According to the Fed’s report, the proportion of families reporting that they had saved anything the previous year fell from 56.4% of families in 2007 to 52% in 2010. “That decrease pushed the fraction of families reporting saving to the lowest level since the SCF [Survey of Consumer Finances] began collecting such information in 1992.”
But the Fed’s zero interest rate policy has banks and the government offering mere basis points to savers. Sub-1% interest rates on accounts and CDs have many wondering what’s the point?
Life coach and author John Strelecky urges people to spend the money. To “live your bucket list now.” The interest you would have earned on the money you spend is not enough to compensate a person for the lifetime of memories missed.
“No matter when that two-minute warning ticks off, you could say you did what you wanted to do with your life,” Strelecky says. “Don’t wait until you’re 65 to start spending your money to live a rewarding life.”
James Livingston, author of Against Thrift: Why Consumer Culture Is Good for the Economy, the Environment and Your Soul, claims that under-consumption caused the 2008 meltdown, and that consumers aren’t spending enough to get us out of it. “I’m saying that we need to lighten up and spend more, for our own good,” writes Livingston, who teaches at Rutgers. “If we don’t, we sacrifice ourselves on the altar of productivity and meanwhile sentence our children to a future of pointless repression, denial and delay.”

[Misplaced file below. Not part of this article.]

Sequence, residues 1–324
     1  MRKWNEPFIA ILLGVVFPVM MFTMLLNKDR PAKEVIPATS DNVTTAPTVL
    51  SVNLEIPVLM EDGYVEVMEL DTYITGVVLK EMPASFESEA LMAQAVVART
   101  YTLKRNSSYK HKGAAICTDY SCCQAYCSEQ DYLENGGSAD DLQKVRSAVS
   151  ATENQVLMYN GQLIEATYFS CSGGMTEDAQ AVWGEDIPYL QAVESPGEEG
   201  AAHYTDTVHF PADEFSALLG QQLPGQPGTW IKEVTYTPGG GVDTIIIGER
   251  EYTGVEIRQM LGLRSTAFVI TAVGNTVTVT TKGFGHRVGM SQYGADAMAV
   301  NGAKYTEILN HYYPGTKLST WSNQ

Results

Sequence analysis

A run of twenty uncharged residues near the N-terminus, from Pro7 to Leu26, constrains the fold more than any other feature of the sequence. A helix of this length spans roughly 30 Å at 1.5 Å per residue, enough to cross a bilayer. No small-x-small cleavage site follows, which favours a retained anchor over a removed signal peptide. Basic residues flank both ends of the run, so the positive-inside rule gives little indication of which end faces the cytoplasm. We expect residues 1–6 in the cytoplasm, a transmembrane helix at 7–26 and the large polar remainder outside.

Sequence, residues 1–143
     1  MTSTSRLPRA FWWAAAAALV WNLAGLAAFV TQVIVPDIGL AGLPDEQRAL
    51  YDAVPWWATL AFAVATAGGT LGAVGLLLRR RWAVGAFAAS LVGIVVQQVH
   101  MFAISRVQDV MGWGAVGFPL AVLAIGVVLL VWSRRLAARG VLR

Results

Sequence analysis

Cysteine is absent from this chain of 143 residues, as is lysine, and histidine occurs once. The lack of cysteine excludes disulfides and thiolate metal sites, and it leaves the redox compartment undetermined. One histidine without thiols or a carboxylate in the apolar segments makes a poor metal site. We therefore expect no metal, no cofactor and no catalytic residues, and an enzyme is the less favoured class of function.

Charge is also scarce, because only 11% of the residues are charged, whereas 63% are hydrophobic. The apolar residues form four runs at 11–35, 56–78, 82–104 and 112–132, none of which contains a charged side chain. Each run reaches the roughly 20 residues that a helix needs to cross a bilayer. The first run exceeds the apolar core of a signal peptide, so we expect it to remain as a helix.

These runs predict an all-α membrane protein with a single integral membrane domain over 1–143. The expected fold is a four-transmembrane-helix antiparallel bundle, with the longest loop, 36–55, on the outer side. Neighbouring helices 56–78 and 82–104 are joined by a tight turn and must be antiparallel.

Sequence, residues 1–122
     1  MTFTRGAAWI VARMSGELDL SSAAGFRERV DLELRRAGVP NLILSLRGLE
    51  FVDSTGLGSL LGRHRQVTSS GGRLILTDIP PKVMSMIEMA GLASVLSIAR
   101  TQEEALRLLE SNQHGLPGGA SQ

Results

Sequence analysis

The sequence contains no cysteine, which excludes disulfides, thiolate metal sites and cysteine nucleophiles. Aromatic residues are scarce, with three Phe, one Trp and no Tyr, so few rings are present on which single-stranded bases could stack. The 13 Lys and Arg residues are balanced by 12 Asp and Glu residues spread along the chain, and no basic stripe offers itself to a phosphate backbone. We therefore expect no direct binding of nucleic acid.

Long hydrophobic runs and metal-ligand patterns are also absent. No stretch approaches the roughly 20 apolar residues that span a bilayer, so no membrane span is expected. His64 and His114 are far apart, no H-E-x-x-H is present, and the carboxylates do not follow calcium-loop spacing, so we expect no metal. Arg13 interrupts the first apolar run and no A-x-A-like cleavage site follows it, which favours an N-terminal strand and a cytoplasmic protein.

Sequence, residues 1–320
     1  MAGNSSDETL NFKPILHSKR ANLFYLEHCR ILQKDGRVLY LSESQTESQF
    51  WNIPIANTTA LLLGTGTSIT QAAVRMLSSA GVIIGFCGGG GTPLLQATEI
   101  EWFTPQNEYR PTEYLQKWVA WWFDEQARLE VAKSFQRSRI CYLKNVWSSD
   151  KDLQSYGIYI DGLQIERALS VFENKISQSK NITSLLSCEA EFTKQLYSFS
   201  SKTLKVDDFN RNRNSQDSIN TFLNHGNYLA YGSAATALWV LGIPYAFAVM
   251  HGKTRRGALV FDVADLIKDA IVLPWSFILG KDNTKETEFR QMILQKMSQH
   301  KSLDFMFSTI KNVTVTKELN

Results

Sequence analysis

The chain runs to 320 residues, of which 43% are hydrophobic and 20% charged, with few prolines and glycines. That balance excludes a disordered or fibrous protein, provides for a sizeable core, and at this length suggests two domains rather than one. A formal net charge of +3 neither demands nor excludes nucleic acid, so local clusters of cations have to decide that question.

Economists like CNBC’s Steve Liesman think there is too much saving going on. So does the Chicago Fed’s Charles Evans, who said not too long ago:
It seems to me if we could somehow get lower real interest rates so that the amount of excess savings that is taking place relative to investment is lowered, that would be one channel for stimulating the economy.
Of course, as F.A. Hayek showed, the paradox of thrift is nonsense. Savings provides capital. It is that capital that makes labor more efficient. As capital is accumulated, its cost falls. Entrepreneurs then reorganize capital into more productive capital-intensive uses.
In other words, as people save more and spend less, capital is shifted into building factories, rather than tennis shoes. Labor and prices shift accordingly. Instead of collapsing into depression, the entire system reaches a new equilibrium at a higher savings amount by means of adjustments in labor, capital, prices, quantities, production and consumption.
It is savings and capital (not borrowing and spending!) that create prosperity for both individuals and societies. Chairman Bernanke is doing all he can, and the banks are cooperating, to entice you into giving up on earning decent returns and just buying a new boat or big screen.
Don’t fall for it.
I urge you use your savings to grow (not reduce) your net worth.
Doug French is president of the Mises Institute and senior editor of the Laissez Faire Club. He received his master's degree under the direction of Murray N. Rothbard at the University of Nevada, Las Vegas, after many years in the business of banking. He is the author of two books, “Early Speculative Bubbles and Increases in the Supply of Money,” the first major empirical study of the relationship between early bubbles and the money supply, and “Walk Away,” a monograph assessing the philosophy and morality of strategic default. This post posted by permission of Money Morning Australia.